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Top Green Consumer Trends for 2009: Which Predictions Came True?

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At the end of last year, our friends at Boulder’s The Fresh Ideas Group
(FIG), a PR agency for natural products companies, went out on a limb with
some public predictions about how Americans would act in 2009. As
the year winds down, let’s see how they did.   

They predicted: We’ll get thrifty.

FIG forecasted that thrift stores, consignment shops, antique stores and
sites like eBay and Craigslist would see a boost in sales. 

What happened: They got it partly right. According to
Forbes, eBay sales fell by 11 percent in the first quarter, but listings in
Craigslist’s barter section
were up 100 percent over last year. Consignment and thrift store sales were up,
according to USA Today. Goodwill’s sales rose 7.1 percent in the
first three months of the year and the Salvation Army saw sales rise 8 percent
from October of last year to March 2009. 

They predicted: We’ll take better care of our stuff. 

FIG predicted that in 2009 all types of repair services—from shoe repairs to
minor home remodeling (with an emphasis on green
remodeling
!) would thrive as Americans put off buying new things. 

What happened: Right on. Car repair shops are thriving as
Americans put off buying new cars, according to Santa Rosa’s The Press Democrat.
national survey conducted by the Clarus Research Group for
AAMCO found that 63 percent of car owners said they would save money by putting
off buying a new car and repairing and maintaining their current cars
instead. 

They predicted: We’ll stay home and watch TV—online.  

FIG predicted that we’d save green by keeping our entertainment close to
home. More of us would join Netflix, but premium cable channels would take a
hit.  

What happened: Despite tough economic times, consumers
seemed loathe to give up their TV sets. According to a PriceGrabber.com Consumer
Behavior Report, 69 percent of responders considered a standard TV set to be a
necessity—but 56 percent said they considered cable or satellite TV a luxury.
The survey also showed that more people (about 80 percent) were choosing to stay at home for entertainment.  As for Netflix, FIG predicted
correctly. Netflix saw a 26 percent growth in subscribers over last year. Almost 10
percent of U.S. households now subscribe. 

They predicted: We’ll use our kitchens.  

FIG said we’d rediscover the benefits (and savings) of cooking
at home

What happened: The Wall Street Journal reports that
Americans are passing up restaurants in favor of the grocery
store
—and restaurants are chasing them. Sales of California Pizza Kitchen’s
frozen pizzas rose 20 percent last year. 

They predicted: We’ll keep buying organic, despite the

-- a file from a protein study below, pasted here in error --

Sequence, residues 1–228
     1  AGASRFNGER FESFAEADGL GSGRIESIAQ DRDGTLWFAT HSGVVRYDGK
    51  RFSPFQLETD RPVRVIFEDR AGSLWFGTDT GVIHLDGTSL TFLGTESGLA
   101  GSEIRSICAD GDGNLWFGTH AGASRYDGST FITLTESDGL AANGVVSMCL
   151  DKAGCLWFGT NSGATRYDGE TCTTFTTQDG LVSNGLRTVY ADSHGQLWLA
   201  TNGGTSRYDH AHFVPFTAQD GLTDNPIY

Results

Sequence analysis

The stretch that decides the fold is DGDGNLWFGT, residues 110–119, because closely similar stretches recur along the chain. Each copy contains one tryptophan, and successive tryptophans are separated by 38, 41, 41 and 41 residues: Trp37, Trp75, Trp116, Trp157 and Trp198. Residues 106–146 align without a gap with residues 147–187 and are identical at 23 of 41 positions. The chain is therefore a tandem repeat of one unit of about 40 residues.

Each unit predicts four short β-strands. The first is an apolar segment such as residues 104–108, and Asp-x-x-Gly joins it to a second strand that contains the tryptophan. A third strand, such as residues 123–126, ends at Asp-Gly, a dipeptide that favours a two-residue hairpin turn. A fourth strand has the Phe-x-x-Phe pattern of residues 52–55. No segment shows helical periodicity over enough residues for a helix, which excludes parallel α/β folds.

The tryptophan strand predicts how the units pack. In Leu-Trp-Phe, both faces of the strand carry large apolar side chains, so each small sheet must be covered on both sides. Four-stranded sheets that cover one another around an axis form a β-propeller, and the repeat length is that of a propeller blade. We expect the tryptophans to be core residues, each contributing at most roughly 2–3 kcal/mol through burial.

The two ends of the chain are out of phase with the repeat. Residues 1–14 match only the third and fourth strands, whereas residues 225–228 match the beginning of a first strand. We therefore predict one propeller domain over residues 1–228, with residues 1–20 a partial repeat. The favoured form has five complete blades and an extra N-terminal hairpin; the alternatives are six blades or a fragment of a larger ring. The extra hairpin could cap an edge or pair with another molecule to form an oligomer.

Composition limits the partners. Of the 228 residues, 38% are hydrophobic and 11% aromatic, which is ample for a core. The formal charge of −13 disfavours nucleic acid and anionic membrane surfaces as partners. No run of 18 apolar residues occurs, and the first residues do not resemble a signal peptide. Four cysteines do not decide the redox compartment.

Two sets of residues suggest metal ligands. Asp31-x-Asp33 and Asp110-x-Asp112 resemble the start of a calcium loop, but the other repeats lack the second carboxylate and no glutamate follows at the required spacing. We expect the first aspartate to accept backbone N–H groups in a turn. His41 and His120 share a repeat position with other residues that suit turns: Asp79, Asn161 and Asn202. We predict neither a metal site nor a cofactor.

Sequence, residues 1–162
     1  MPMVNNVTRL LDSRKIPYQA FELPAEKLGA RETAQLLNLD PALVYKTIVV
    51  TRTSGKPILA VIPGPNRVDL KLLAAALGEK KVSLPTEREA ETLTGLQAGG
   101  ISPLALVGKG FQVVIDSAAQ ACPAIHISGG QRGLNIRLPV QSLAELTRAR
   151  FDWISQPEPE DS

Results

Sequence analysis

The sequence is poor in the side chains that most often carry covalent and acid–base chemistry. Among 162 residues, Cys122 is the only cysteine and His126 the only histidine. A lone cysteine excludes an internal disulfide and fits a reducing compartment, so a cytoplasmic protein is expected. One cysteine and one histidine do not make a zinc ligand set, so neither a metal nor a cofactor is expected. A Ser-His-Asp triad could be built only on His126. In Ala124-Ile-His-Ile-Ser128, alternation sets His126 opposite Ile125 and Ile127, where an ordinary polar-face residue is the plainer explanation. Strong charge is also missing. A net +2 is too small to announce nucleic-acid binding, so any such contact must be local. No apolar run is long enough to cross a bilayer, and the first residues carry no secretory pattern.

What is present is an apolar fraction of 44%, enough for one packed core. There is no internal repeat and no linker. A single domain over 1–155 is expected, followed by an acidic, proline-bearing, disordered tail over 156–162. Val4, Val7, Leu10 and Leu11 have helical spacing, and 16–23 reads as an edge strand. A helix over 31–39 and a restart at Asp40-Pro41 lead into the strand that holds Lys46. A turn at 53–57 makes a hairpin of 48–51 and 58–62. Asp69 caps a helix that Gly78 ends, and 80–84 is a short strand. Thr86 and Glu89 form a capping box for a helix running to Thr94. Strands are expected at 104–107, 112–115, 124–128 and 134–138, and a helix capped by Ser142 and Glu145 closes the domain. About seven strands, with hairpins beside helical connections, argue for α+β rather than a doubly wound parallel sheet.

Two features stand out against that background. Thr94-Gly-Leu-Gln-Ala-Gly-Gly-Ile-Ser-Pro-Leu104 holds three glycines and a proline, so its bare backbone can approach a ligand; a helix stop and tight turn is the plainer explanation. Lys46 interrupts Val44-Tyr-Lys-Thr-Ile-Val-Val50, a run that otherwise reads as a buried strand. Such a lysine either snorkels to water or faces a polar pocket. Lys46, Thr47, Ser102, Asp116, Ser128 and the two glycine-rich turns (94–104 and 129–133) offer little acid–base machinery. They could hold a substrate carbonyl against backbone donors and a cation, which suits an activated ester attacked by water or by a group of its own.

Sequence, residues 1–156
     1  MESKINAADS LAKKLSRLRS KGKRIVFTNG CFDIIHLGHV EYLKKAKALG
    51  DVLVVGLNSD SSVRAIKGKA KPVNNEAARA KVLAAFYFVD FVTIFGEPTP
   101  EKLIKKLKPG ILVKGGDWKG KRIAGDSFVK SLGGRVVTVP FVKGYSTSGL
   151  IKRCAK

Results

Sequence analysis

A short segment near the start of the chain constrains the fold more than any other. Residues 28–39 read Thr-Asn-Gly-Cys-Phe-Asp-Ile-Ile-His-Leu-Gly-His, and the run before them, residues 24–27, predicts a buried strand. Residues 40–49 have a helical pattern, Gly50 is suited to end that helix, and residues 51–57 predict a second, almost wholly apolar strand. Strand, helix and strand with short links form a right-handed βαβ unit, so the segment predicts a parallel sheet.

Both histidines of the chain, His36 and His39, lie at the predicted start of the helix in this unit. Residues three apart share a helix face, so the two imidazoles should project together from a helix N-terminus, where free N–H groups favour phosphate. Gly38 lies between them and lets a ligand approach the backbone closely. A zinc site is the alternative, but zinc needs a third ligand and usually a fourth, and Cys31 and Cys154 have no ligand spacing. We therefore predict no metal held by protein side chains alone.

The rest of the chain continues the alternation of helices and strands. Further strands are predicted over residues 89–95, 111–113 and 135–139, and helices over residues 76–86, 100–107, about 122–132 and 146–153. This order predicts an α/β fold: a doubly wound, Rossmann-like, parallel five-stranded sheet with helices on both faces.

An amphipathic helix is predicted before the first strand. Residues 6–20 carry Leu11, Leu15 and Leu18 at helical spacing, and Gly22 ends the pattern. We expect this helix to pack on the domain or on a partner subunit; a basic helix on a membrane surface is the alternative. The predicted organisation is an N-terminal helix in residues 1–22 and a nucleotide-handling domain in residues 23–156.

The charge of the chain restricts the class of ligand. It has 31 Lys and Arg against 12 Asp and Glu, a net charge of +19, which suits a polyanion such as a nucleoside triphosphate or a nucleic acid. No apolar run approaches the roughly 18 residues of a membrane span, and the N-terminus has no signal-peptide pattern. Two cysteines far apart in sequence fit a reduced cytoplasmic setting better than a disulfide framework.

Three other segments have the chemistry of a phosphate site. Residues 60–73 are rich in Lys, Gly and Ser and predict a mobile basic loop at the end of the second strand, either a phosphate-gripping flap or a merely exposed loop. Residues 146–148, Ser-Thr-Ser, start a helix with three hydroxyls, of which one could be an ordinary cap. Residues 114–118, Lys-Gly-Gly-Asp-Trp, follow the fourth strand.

cost.  

FIG predicted organic
food sales
 would continue to grow for their families. 

What happened: While their prediction was predictable (they
do represent these companies, after all), FIG got this right. A study released
by the Organic Trade Association in July found that 31 percent of
U.S. families said they buy more organic items than they did a year ago.  

They predicted: We’ll hit the bottle—at home. 

FIG believed that our economic anxieties would cause us to drink more at
home—but less in restaurants.  

What happened: Not quite. A Wine&Spirits
magazine survey found that 62 percent of restaurants claimed alcohol sales
remained the same.  

They predicted: We’ll heal ourselves.  

FIG saw consumers with tight budgets trying more natural
home remedies
 to prevent costly doctor’s visits. 

What happened: Yep. Newsweek reported that sales of Emergen-C
rose
 at Wal-Mart, consumers bought more over-the-counter
remedies
 than prescriptions and store pharmacists were being asked more
medical questions.

They predicted: We’ll get conscious (at least as
consumers).

FIG said we’d show more concern for what our money’s supporting and where our
goods originate.

What happened: Correct. While numbers for 2009 fair trade
sales aren’t out yet, in 2008 fair trade sales grew by 10 percent in the United
States, despite economic woes. In response to the 2008 figures, the Fairtrade Labelling
Organizations
 conducted a study on people’s thoughts on fair trade. Good
news: More than three quarters of those surveyed believe that companies should
pay workers in developing nations fairly, ensure safe working conditions and
contribute to community development, and 81 percent said that seeing the Fair Trade Certified label positively affected their
perception of a brand.

They predicted: We’ll be less trashy.

As we consume less, our carbon footprints will get smaller. We’ll buy less,
so we’ll waste less packaging.

What happened: According to the Washington Postlandfill
waste
 is down by 30 percent.

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